22 May 2023
 | 22 May 2023
Status: this preprint is currently under review for the journal AMT.

OH airglow observations with two identical spectrometers: benefits of increased data homogeneity in the identification of the 11-year solar cycle-, QBO-induced and other variations

Carsten Schmidt, Lisa Küchelbacher, Sabine Wüst, and Michael Bittner

Abstract. Hydroxyl (OH) radical airglow observations have been performed at the environmental research station ‘Schneefernerhaus’ (UFS, 47.42° N, 10.98° E) since October 2008, and with continuous operation since July 2009. The instrumental setup relies on the parallel operation of two identical GRIPS (Ground-based Infrared P-branch Spectrometer) in order to achieve maximum completeness and homogeneity.

After the first decade of observations the acquired time series are evaluated with respect to the main influences on data quality and comparability to those on other sites. Data quality is essentially limited by gaps impacting the completeness. While technical failures are largely excluded by the setup, gaps caused by adverse meteorological conditions can systematically influence estimates of the annual mean. The overall sampling density is high, with nightly mean temperatures obtained for 3382 of 4018 nights of observation (84 %), but the average coverage changes throughout the year. This can bias the annual mean up to 0.8 K if not properly accounted for.

Sensitivity studies performed with the two identical instruments and their retrieval show that the comparability between the observations is influenced by the annual and semi-annual cycle as well as the choice of Einstein-A-coefficients, which influence the estimate of the annual cycle’s amplitude.

A strong 11-year solar signal of 5.9 ± 0.6 K / 100 sfu is identified in the data. The OH temperatures follow the F10.7cm value with a time lag of 90 ± 65 days. However, the precise value depends on details of the analysis. The highest correlation (R2=0.91) is achieved for yearly mean OH temperatures averaged around 4th February and the F10.7cm solar flux leading ahead with 110 days. A prominent two-year oscillation is identified between 2011 and 2015. This signal is linked to the quasi-biennial oscillation (QBO) leading to a temperature reduction of approximately 1 K during QBO westward phases in 2011, 2013, 2015 and a respective 1 K increase in 2012 and 2014 during QBO eastward phases. The amplitude of the semi-annual cycle shows a similar behavior with the decade’s minimum amplitudes (~2.5–3 K) retrieved for 2011, 2013 and 2015 and maximum amplitudes observed in 2012 and 2014 (~4 K). The signal appears to disappear after 2016 when the solar flux approaches its next minimum. Although it appears as a rather strict 24-month periodicity between 2011 and 2015, spectral analyses show a more or less continuous oscillation with a period of approximately 21 months over the entire time span, which can be interpreted as the result of a non-linear interaction of the QBO (28 months) with the annual cycle (12 months).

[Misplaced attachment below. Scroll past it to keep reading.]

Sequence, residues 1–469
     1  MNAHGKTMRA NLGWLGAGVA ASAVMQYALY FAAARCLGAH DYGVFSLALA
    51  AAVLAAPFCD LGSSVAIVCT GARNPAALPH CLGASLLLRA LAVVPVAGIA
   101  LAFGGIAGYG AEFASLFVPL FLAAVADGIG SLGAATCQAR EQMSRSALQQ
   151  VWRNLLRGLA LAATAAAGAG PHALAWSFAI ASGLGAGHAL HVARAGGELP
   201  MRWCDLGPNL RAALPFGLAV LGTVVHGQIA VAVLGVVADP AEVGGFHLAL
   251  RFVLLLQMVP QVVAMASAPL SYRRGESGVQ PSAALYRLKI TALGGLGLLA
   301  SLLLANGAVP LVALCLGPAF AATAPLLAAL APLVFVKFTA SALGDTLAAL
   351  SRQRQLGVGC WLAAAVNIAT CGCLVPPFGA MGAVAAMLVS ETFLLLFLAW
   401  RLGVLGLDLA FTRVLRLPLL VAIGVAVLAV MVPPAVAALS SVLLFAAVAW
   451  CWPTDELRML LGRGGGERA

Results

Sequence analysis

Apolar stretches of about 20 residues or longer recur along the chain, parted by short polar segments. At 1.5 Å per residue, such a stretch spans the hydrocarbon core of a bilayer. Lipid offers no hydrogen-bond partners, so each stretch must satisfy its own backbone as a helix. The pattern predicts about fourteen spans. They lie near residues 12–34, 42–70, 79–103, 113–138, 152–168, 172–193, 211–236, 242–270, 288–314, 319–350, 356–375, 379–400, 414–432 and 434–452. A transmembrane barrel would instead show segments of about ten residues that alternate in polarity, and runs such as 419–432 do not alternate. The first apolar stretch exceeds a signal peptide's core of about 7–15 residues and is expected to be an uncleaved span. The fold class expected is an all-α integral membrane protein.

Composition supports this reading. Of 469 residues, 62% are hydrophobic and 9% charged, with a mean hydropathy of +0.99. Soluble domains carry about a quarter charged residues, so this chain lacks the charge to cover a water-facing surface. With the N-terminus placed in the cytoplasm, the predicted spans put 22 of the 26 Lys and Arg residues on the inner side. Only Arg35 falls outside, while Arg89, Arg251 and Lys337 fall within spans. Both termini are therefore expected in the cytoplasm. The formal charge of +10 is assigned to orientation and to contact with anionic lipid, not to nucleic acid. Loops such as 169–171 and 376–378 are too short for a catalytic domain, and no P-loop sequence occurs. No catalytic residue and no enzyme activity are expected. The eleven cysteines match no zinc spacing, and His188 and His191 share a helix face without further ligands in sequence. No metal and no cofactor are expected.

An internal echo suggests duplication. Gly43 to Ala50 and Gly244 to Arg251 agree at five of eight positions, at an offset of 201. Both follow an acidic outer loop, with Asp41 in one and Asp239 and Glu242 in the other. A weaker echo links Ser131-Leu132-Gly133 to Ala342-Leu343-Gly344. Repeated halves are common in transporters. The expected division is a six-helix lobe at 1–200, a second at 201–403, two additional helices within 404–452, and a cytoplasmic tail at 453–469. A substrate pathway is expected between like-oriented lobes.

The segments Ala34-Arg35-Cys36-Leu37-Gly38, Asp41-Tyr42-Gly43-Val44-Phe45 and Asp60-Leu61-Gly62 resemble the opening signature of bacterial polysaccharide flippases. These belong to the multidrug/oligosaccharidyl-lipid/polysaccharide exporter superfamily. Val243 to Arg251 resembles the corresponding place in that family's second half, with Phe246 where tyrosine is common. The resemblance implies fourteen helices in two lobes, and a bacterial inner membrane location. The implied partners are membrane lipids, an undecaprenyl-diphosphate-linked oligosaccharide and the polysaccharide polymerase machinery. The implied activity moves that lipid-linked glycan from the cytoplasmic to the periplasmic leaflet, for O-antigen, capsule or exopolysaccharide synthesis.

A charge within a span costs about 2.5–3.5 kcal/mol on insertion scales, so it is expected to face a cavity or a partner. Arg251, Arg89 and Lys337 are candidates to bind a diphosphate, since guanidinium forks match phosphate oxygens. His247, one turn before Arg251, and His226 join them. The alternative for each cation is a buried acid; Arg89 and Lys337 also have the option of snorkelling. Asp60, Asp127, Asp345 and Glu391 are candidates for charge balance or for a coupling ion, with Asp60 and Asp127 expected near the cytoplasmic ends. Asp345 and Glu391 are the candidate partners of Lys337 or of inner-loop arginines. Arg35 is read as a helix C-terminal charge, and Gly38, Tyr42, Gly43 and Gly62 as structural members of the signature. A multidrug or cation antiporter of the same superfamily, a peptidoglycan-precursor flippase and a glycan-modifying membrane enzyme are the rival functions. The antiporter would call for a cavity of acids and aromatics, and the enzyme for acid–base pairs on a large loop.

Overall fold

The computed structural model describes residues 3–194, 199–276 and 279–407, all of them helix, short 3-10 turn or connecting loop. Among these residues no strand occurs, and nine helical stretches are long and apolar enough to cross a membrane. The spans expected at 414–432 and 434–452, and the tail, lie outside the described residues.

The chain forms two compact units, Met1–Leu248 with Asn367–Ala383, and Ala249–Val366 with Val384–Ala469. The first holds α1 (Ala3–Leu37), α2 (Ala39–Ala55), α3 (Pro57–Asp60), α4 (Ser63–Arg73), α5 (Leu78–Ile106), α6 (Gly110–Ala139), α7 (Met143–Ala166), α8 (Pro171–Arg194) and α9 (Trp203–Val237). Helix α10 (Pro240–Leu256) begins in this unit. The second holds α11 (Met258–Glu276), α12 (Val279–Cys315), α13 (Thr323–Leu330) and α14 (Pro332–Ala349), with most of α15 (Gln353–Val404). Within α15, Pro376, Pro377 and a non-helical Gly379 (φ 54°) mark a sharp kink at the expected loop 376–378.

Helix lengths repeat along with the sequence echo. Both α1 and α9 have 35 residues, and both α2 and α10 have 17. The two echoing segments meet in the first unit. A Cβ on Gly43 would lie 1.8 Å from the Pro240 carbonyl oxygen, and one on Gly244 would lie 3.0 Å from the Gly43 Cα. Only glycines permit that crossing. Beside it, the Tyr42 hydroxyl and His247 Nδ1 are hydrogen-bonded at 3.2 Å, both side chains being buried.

Carsten Schmidt et al.

Status: open (until 26 Jun 2023)

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Carsten Schmidt et al.

Carsten Schmidt et al.


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Short summary
Two identical instruments in a parallel setup were used to observe the mesospheric OH airglow for more than ten years (2009–2020) at 47.42° N, 10.98° E. This allows unique analyses of data quality aspects and their impact on the obtained results. During solar cycle 24 the influence of the sun was strong with ~6 K / 100 sfu. A quasi-two-year oscillation (QBO) of ±1 K is observed mainly during the maximum of the solar cycle. Unlike the stratospheric QBO the variation has period of or below 24 months.